Joanna and I read yesterday's exchanges about Japanese beetle with great
interest; having run a diversified fruit/vegetable farm for the last
decade, we have all too much experience with these little devils. I wish
they'd focus on eating Japanese honeysuckle rather than our apple trees,
blueberry bushes, and bean plants. Last year and this year are the worst
outbreak we've seen.

I have never observed a wild bird eating a meaningful number of JBs, nor
had any sense that natural control was happening. There are a few
parasitic insects out there, but they don't seem to have a meaningful
effect overall. But the one bird that adores them is the domestic chicken.
Our flock of 10 or so hens can devour gallons of beetles per day; they
absolutely adore them. Last year, feed consumption dropped noticeably at
the height of beetle season.

We use two methods of control. First, as noted before, you can knock them
off into buckets of water. In my experience soap is not necessary as long
as the bucket is smooth-sided so they can't climb out. This works best in
the morning, when the beetles are sluggish and dew is still present. Once
things dry out and the beetles warm up, they'll just swarm away when you
shake the plant. But in the morning, most will simply fall off into the
bucket. At this point, the bucket 'o beetles can either be left out in the
sun to let them drown or fed to chickens if you or a friend/neighbor has
some. This is another reason not to use soap; you then aren't dumping
soapy water on the ground or to the chickens.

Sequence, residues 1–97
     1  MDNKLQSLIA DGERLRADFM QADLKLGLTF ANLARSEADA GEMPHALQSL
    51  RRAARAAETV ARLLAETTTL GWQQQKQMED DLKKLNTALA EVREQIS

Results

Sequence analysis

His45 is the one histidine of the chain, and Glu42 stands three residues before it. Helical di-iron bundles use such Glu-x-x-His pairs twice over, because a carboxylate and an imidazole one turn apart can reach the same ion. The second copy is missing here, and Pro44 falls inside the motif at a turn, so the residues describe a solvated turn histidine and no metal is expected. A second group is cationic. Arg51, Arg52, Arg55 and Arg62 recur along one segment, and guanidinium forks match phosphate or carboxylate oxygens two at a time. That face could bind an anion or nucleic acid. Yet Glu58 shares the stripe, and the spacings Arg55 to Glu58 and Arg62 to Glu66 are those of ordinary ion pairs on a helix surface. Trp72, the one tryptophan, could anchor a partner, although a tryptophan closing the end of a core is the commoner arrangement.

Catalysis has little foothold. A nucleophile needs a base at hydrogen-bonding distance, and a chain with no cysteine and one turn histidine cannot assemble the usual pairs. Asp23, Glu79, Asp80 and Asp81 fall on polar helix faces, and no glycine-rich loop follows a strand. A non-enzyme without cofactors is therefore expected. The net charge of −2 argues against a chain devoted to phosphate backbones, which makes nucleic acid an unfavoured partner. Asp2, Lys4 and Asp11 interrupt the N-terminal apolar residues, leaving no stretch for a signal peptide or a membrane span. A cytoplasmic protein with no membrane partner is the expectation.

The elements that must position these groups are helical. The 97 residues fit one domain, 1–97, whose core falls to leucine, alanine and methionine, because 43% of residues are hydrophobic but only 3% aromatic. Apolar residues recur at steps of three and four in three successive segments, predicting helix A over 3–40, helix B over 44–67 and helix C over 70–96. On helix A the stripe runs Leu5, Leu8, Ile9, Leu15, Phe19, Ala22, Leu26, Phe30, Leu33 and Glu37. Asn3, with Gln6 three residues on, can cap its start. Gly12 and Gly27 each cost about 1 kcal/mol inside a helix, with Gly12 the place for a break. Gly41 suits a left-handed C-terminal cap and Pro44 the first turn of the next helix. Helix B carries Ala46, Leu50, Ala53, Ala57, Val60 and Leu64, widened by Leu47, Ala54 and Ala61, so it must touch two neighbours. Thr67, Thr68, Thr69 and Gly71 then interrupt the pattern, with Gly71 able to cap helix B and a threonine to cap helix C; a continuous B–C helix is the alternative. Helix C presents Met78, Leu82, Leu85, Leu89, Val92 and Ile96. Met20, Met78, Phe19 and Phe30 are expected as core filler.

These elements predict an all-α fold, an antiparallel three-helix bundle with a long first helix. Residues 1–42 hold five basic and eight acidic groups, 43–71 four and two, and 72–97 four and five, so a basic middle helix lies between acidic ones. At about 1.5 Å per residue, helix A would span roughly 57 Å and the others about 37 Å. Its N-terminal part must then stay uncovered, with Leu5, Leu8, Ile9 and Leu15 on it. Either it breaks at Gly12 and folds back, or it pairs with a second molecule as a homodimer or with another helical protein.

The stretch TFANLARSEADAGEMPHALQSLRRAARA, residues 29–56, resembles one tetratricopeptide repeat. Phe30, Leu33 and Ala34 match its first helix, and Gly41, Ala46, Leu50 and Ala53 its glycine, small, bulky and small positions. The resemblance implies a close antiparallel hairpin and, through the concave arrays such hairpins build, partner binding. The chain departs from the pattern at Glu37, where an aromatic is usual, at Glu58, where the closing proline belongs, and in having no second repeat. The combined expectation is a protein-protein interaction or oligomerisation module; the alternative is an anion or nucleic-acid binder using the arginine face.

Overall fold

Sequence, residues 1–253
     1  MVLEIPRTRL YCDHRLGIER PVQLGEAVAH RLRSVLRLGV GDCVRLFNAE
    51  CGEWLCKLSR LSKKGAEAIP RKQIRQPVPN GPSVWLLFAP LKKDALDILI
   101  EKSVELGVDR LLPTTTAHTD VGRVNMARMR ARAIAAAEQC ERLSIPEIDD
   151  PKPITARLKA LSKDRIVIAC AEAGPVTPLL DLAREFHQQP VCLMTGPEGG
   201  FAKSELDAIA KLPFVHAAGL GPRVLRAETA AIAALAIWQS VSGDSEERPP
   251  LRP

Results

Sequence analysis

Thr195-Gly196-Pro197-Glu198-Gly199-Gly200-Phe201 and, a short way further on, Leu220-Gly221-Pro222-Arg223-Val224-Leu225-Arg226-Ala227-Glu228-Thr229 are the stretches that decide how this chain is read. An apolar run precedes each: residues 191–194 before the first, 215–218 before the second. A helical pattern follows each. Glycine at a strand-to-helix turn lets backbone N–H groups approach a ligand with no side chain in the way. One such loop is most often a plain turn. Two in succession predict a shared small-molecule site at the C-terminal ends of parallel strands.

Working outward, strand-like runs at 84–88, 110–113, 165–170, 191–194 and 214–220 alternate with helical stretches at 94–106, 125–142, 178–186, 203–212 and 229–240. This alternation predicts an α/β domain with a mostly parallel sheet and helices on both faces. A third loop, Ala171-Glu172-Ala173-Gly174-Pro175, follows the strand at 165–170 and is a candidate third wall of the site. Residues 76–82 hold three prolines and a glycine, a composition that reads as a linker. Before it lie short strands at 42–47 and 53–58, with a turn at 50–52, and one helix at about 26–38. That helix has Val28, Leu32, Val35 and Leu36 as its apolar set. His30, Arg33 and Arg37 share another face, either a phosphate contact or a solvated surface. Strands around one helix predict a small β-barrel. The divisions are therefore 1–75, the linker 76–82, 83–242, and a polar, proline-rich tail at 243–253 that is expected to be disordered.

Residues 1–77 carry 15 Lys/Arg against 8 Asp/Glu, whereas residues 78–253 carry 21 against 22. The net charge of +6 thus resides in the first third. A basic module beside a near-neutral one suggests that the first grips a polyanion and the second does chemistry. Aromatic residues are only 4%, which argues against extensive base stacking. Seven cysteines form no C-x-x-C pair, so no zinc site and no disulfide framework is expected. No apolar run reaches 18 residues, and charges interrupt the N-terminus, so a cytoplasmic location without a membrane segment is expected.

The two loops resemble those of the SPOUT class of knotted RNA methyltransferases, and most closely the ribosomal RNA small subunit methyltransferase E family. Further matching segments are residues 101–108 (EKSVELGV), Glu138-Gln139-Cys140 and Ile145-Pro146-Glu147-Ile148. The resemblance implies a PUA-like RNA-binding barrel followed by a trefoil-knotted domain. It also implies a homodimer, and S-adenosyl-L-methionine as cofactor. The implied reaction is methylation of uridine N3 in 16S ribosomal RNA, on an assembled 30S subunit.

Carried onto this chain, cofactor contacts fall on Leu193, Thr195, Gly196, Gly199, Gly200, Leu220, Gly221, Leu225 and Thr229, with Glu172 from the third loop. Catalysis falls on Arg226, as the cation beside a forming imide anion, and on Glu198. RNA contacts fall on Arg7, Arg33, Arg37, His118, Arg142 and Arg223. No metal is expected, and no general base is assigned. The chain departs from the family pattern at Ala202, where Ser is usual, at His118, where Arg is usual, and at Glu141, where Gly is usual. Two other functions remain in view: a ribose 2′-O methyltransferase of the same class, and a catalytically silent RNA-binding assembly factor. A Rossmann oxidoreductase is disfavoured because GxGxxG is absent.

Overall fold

Second, we use a preventative measure called Surround. This is a kaolinite
clay which is mixed with water and sprayed onto any vegetation you wish to
protect. The clay leaves a thin white film on the leaves that really
deters JBs. It's one of the more common and benign applications used by
organic farmers (which we were officially for five years). This may not be
as accessible to home growers; I don't know if a small-scale version is
available (we mix and apply it in a backpack sprayer). There are several
keys to using Surround.

It's a preventative measure, not an insecticide, so ideally its
application should start before the JBs get bad. In our understanding,
once JBs start to damage a plant, a chemical signal is released that keeps
drawing more in. Also, damaged leaves don't hold the clay film as well.
Heavy rain can wash it off, it needs to be reapplied as necessary. It's
definitely a pain to use, but very effective when it stays on undamaged

Otherwise, JBs are just one of many invasive plagues spreading across the
landscape and making life difficult. They act like an outbreak population,
peaking long enough to drive one to despair before fading away by late
summer. One can only hope that, in time, the ecosystem will adjust and
some more native predators will learn from the chickens about this
abundant crunchy source of protein just sitting there.

Eric Reuter
Boone County, MO

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